Prolific singer-songwriter of Nashville: The city, and the show
by Julianne Cassidy
Did you ever hear someone say, ‘oh, that has a ring of truth to it?’
Mississippi-bred, singer-songwriter Trent Dabbs is undeniably one of Nashville’s best-kept lyrical secrets. Releasing six-solo albums of “Heavy Mellow” [and a self-titled collaboration album with Ashley Monroe], as well as co-founding a musical collective group: Ten Out of Tenn, and forming a duo: Sugar & The Hi Lows, Dabbs indubitably “likes a challenge.”
And challenges he has met, yet conquered. “With Ten Out of Tenn, the first lawyer that we contacted said that it was ‘really’ ambitious,” says Dabbs. “It was pushed to the side, and seemed discouraging.” But, as a true enthusiast of the Martin Scorsese-documentary, The Last Waltz, featuring The Band’s farewell concert, with special guests: Eric Clapton, Bob Dylan, and Ringo Starr [to name a few], Dabbs was hypnotized by the idea. “That concept of having these lead singers on the same stage together,” says Dabbs. “I couldn’t imagine them playing on each other’s songs, immersing themselves in each other’s music.” To which he then sought after his Nashville community of friends for reinforcement.
After a car-ride conversation with his wife, Kristen, they agreed to “make a compilation, to let people know Nashville isn’t just rhinestones and Gospel music,” says Dabbs. “There’s so much more of a sound.” Uncovering such jewels as Joy Williams of the Grammy award-winning duo, The Civil Wars, “our mission has thus advanced to the idea of being multi-instrumental singer-songwriters,” says Dabbs. “Artists who do it themselves, but come together collectively and unite fans.”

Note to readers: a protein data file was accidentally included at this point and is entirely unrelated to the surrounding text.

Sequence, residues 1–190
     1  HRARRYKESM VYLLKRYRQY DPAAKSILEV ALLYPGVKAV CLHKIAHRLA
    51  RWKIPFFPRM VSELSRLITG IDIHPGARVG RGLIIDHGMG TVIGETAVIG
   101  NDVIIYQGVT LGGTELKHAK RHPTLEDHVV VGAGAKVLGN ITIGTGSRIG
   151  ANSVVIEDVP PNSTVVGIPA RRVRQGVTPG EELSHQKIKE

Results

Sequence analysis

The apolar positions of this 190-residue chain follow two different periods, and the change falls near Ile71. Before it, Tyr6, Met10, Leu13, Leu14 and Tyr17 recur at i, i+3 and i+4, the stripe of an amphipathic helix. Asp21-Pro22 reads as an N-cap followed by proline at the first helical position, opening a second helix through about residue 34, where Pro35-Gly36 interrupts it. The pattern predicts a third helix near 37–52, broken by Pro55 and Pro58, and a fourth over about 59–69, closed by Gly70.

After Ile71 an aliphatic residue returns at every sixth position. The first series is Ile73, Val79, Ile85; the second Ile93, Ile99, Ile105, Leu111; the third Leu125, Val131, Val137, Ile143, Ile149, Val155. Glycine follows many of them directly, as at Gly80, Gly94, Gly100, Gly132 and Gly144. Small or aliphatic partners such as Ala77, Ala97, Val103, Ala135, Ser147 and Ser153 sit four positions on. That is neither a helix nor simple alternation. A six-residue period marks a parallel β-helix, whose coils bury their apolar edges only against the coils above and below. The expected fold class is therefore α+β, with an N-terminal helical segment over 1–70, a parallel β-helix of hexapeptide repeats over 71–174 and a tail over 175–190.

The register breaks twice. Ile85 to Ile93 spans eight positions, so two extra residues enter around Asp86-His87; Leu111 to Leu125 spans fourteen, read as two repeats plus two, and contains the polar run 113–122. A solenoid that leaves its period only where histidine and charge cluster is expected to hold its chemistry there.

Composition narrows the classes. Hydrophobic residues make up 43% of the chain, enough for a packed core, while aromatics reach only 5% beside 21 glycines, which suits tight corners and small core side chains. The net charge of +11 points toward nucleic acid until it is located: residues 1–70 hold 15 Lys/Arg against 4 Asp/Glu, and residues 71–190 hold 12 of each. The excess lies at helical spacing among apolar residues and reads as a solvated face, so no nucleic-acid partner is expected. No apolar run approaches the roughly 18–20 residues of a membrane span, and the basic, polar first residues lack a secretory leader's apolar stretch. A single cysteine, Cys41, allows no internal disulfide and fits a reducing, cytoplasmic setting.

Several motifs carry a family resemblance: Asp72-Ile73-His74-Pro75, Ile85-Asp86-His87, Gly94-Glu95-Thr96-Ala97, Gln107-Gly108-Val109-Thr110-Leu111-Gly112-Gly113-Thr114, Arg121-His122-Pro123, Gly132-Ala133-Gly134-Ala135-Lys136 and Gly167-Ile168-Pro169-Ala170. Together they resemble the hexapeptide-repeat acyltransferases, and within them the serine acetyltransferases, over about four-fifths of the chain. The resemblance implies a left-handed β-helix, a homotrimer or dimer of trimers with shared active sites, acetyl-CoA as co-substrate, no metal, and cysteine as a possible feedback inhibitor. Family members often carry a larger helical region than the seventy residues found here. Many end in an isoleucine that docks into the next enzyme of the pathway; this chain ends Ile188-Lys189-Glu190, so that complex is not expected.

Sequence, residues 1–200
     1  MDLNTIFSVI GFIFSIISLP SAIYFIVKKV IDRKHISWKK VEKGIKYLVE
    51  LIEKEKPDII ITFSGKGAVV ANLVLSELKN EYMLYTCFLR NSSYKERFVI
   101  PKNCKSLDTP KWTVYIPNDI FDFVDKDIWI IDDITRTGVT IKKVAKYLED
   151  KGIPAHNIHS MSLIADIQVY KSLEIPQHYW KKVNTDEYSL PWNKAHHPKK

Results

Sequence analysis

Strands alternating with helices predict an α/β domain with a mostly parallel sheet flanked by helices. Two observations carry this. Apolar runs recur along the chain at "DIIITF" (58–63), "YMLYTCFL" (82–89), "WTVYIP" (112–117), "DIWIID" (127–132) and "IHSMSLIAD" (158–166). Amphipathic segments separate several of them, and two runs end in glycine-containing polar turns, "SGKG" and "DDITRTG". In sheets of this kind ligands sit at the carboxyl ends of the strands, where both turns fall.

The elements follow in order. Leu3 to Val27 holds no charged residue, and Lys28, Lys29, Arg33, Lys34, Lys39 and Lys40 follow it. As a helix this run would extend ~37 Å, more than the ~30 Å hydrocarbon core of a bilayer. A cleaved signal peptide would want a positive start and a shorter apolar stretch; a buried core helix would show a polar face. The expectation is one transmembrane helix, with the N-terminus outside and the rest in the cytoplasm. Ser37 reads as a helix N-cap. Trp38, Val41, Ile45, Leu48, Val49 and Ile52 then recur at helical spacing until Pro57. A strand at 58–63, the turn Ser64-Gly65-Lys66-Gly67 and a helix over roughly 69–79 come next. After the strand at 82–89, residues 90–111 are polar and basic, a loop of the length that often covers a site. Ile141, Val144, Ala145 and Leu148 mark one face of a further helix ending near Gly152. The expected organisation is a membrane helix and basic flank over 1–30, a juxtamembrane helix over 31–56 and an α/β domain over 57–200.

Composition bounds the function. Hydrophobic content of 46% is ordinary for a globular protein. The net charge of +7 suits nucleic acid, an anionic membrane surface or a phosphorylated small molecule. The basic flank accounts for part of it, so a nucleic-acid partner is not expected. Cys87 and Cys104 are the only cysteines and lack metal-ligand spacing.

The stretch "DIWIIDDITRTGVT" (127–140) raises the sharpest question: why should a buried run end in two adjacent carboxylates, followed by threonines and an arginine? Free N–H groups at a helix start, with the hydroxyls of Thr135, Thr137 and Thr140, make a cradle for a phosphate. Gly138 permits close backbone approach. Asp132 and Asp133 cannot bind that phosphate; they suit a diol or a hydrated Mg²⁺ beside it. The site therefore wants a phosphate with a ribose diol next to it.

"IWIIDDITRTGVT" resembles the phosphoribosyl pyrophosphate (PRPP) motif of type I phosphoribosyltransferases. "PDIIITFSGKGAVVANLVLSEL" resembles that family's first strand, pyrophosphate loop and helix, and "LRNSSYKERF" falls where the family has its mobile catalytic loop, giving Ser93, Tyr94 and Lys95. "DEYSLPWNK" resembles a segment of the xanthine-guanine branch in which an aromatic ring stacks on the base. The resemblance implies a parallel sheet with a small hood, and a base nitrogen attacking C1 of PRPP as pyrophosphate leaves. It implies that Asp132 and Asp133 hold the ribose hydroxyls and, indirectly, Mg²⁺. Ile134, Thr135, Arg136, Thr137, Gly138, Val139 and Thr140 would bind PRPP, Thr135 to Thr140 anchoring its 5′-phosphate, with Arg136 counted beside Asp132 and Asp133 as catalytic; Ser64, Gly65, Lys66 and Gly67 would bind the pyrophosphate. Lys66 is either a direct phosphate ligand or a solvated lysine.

Although, Ten Out of Tenn has subsequently acquired requests from other cities, “like Nine Out of New York,” Dabbs does not believe in handpicking artists [like that.] “Part of this experience is just putting a microphone in front of our community,” he says. “That’s why it worked.” Besides spearheading their first “Boot Camp” for local/indie artists this Fall, Ten Out of Tenn is actively pursuing to mature their brand, in conjunction with gathering new members. To date, they’ve released four compilations, a holiday and benefit album, and DVD documentary, Any Day Now, of their 2008 tour.
Presently touring as a stripped-Pop duo with dreamy-eyed Swing, alongside fellow writer (and Ten Out of Tenn-er) Amy Stroup, Dabbs is relishing in the road, having just opened for Ingrid Michaelson’s Acoustic Fall Tour. “I always wanted a side project, or a band called The Hi Lows,” says Dabbs. “And Amy’s dad always called her Sugar growing up.”
With a self-titled album, and a newly-November debut of Snow Angel, Sugar & The Hi Lows are very satisfied with this Christmas album. “It’s a little hard to pull off a Christmas album that you’re proud of,” says Dabbs. “I love Christmas music, and it was just another writing assignment to see if we could do it.” Now preparing for their [Snow Angel] December mini-tour with Gabe Dixon
(another Ten Out of Tenn-er), Dabbs is anxiously anticipating wintery conditions, “as we were playing our Christmas songs on Ingrid’s tour, and it wasn’t even Halloween.”
Not favoring one over the other, Dabbs believes that all of his projects influence one another. “As easy as it seems to look musically ADD, it’s really just one sound infusing the next,” he says. “And that’s what I love about it.” Above all else, Dabbs is an instinctive songwriter. “Being a singer-songwriter artist is a hard thing to pull off, because you do have to tour,” he explains. “You come home, then try to write for other people.” Yet writing is what he’s good at. Great at.
Having written for, and/or co-written with, prominent acts in spanning genres, from: Country, Indie, to Christian, Dabbs has worked with an array of artists, such as Natalie Grant and Mat Kearney. “I definitely am aware of who the artist is, and have to listen to them and their music,” says Dabbs. Whether invigorated by them as a fan, or “hearing somebody and feeling like there’s something that can actually be helped,” both are promises for inspiration.